Note: Figure 8 sources are found at: NOAA dOISST and NSIDC Near-Real-Time (NRT) passive microwave. Data for UpTempO drifting buoys locations is available for downloading here.

Regional Sea-Ice Extent Discussions

Alaska Region

Until mid-August, the combined sea-ice extent for the Chukchi and Beaufort Seas continued to be lower than in any previous year of the satellite record (Figure 9) and after mid-month the sea- ice extent decrease has slowed. Sea-ice extent in the Chukchi decreased by 264,702 square kilometers between 17 July and 20 August, remaining lower than past retreat seasons. The retreat has slowed down since mid-August and if this trend continues it will not be lower than 2012 or 2018. In the Beaufort, previously stalled retreat sped up since mid-July, losing 327,250 square kilometers of sea ice, but remains above the 20 August 2012 sea-ice extent. The MASIE-based product now has five seasons (2015—2019) and the Chukchi sea ice extent over the past four weeks is the lowest of the record. The Beaufort sea-ice extent from MASIE continues to track close to the previous low in 2016 from mid-July to mid-August 2019. The MASIE product is considered more reliable during the melt season because it is a multi-sensor product that includes the use of visible imagery and manual interpretation.

Figure 9. Annual cycle of sea-ice extent in the Chukchi and Beaufort seas for 1981–2017 (grey), 2018 (red), 2019 (green), and 1981–2010 median (black) (left). Sea-ice concentration for the Bering, Chukchi, and Beaufort seas up to 20 August 2019.Figure 9. Annual cycle of sea-ice extent in the Chukchi and Beaufort seas for 1981–2017 (grey), 2018 (red), 2019 (green), and 1981–2010 median (black) (left). Sea-ice concentration for the Bering, Chukchi, and Beaufort seas up to 20 August 2019.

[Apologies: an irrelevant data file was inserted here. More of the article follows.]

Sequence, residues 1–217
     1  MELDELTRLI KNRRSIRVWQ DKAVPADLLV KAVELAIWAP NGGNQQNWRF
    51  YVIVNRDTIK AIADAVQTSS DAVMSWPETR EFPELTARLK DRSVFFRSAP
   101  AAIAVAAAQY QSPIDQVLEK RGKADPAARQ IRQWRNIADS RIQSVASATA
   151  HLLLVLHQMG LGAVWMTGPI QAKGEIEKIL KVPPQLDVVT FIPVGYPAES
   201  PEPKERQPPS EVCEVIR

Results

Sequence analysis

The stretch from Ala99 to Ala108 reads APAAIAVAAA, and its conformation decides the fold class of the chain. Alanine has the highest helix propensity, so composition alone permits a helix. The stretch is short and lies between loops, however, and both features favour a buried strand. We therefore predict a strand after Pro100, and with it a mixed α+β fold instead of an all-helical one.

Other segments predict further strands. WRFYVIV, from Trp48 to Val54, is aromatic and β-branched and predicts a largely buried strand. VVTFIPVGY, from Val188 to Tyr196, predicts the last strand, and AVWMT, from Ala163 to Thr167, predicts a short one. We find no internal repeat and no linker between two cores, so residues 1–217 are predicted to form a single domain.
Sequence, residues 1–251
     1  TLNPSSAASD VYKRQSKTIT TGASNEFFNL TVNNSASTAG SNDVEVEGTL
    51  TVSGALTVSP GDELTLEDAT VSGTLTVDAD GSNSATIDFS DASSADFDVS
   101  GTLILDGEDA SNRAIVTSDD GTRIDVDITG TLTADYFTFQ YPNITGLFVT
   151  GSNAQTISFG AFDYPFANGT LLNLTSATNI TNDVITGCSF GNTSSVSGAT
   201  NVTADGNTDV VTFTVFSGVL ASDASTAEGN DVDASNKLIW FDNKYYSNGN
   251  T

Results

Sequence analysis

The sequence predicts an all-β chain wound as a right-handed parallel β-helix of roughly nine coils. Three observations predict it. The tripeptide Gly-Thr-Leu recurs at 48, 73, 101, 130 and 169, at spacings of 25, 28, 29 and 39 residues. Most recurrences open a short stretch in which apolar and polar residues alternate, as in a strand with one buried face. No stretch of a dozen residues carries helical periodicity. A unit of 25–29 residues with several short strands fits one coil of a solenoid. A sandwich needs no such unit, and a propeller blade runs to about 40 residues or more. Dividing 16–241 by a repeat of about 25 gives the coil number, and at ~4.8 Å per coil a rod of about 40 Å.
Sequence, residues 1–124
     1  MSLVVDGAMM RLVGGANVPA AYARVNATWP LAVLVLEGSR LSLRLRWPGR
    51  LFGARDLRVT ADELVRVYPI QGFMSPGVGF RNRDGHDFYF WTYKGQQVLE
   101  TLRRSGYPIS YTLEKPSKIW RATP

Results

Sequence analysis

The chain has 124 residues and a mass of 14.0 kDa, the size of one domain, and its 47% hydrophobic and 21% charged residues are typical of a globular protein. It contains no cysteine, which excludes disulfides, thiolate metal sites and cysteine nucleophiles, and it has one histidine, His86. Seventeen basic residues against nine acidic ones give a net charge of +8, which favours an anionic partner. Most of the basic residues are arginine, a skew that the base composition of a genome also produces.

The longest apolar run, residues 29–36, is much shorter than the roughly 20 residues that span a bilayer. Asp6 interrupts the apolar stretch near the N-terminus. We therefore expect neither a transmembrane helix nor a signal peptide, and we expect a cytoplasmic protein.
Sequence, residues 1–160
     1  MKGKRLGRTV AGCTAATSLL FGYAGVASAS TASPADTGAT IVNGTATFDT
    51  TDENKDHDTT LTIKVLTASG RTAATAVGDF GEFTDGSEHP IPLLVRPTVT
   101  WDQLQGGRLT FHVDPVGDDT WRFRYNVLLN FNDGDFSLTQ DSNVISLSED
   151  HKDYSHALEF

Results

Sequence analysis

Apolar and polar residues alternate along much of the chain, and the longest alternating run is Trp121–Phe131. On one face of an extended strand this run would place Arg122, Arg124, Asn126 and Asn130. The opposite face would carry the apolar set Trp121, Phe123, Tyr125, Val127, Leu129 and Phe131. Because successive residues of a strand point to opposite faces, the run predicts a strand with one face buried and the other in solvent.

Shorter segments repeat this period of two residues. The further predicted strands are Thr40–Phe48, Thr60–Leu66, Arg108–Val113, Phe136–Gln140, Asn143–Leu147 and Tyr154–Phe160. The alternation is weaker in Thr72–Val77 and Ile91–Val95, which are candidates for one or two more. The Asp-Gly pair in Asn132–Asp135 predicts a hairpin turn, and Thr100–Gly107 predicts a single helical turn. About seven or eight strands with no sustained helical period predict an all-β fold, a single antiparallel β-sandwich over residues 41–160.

Figure 10. Distribution of SIO contributors for August estimates of September 2019 Alaska regional sea-ice extent. There were no contributions using heuristic or mixed methods. Image courtesy of Molly Hardman, NSIDC.Figure 10. Distribution of SIO contributors for August estimates of September 2019 Alaska regional sea-ice extent. There were no contributions using heuristic or mixed methods. Image courtesy of Molly Hardman, NSIDC.

For the Alaska region sea-ice extent minima prediction, four of the ten contributions we received are based on statistical methods, and six are based on dynamical models (Figure 10) and the median value of all forecasts is 0.37 million square kilometers. August forecasts range from 0.03 million square kilometers to 0.61 million square kilometers. The forecast spread in August increased from the July forecast with the statistical models located in the middle of the ranked forecasts. The observed trajectory for 2019 (Figure 9) suggests that the minimum in the Alaska region may be below 2018 (0.48 million square kilometers) values but will not break the 2012 record (0.100 million square kilometers).